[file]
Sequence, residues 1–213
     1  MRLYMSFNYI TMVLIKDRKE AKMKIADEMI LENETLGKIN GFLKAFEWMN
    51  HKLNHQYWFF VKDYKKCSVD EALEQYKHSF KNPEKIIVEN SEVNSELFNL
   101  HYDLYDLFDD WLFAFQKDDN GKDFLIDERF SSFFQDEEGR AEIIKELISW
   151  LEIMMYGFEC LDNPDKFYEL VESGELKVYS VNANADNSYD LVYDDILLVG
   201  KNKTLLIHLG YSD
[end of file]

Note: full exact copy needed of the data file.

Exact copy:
Sequence, residues 1–213
     1  MRLYMSFNYI TMVLIKDRKE AKMKIADEMI LENETLGKIN GFLKAFEWMN
    51  HKLNHQYWFF VKDYKKCSVD EALEQYKHSF KNPEKIIVEN SEVNSELFNL
   101  HYDLYDLFDD WLFAFQKDDN GKDFLIDERF SSFFQDEEGR AEIIKELISW
   151  LEIMMYGFEC LDNPDKFYEL VESGELKVYS VNANADNSYD LVYDDILLVG
   201  KNKTLLIHLG YSD